Gold is more precious than any other colour and its substance more precious than any other physical substance. As the eye distinguishes and elects the precious, neat, pure, beautiful and delightful color of gold incomparably above other colors, so does the intellect rise aloft, elevating incomparably above the choice of sense, the separate spiritual substances that dwell above all the heavenly bodies.

 Thus, the first circle contacted by the intellect, which is of a less pure and neat golden color, represents reality in a comparative way. This is not a true representation, but only meant to facilitate learning about the nature of the rational soul as it dwells in the nethermost spiritual horizons, where compounded with the body, it is apt to receive the disturbances of human flesh weighing it down. Therefore, the soul is immediately joined to the body, and above it, so that it can be aware of its own lesser nature and of physical nature as well. By the same token, the body that is directly in contact with the soul is the body of heaven, or the astral body, which is a more spiritual, more formal, less compounded and subtler body. Thus, it is elevated above the visible body, and as a spiritual body it is greater, less compounded and simpler than the bodies below it. For these reasons, it is elevated above the heavens and closer to the spiritual entities to which it is joined.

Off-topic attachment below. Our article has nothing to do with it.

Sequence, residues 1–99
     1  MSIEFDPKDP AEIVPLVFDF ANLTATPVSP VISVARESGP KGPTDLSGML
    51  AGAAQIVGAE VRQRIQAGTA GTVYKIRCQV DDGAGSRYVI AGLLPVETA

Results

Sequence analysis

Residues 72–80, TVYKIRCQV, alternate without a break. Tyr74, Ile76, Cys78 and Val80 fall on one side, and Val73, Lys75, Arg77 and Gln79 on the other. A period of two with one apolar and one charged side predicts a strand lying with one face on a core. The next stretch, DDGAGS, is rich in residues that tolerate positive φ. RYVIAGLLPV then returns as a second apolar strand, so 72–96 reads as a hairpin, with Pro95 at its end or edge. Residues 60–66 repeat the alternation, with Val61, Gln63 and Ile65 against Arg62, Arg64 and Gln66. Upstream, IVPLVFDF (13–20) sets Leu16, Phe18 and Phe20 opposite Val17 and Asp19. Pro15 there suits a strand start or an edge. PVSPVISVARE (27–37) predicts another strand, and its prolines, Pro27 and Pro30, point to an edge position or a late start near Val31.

Above this circle, there is another, neater and purer golden circle, and through its purity and neatness the angels, or simply separated substances, nobler intelligences in no way bound to physical nature are elevated, by their greater nobility, to a higher degree of dignity than the rational soul.

  The purest and most perfect gold of all, gold of absolute purity, dwells infinitely and incomparably above the lower forms of gold, which stand far below it, as likenesses are inferior in their dignity to the thing they represent.  As there is a real difference, between an image appearing in a mirror and the thing that it represents, likewise, and infinitely more so, there is a difference between this purest gold of all and the other kinds of gold. As perfectly pure gold is different from a dye made with gall, which is only a very remote likeness of gold, so does God reach above all other things in his holiness and infinite dignity.

  Consequently, among visible objects and among all kinds of beings, even the most base and vile, a natural order exists, rising in orderly fashion through the simple comparative degrees of great, greater and greatest. For instance, in inanimate bodies, one stone can be naturally more dignified that another due to its beauty, its virtue, or both; and the same applies to inanimate artificial bodies, such as metals, to vegetation, plants and trees and to more or less highly evolved animals. Among humans, the simple order of greater and greatest is discerned by reason. In the world of human activities, this can be observed in the respective worlds of the laity and the clergy and the way that they follow a certain order, as if compelled by some kind of necessity.

  In other words, let us say that in each and every class of being, some primordial and supreme being exists, to which all other things of its own kind are reduced. So in this way, throughout the whole universe, a most natural and necessary order is found, among the positive, comparative and superlative degrees. The necessity of this order is visibly demonstrated by the orderly disposition of the elements, each in its place, ascending and descending along a vertical axis.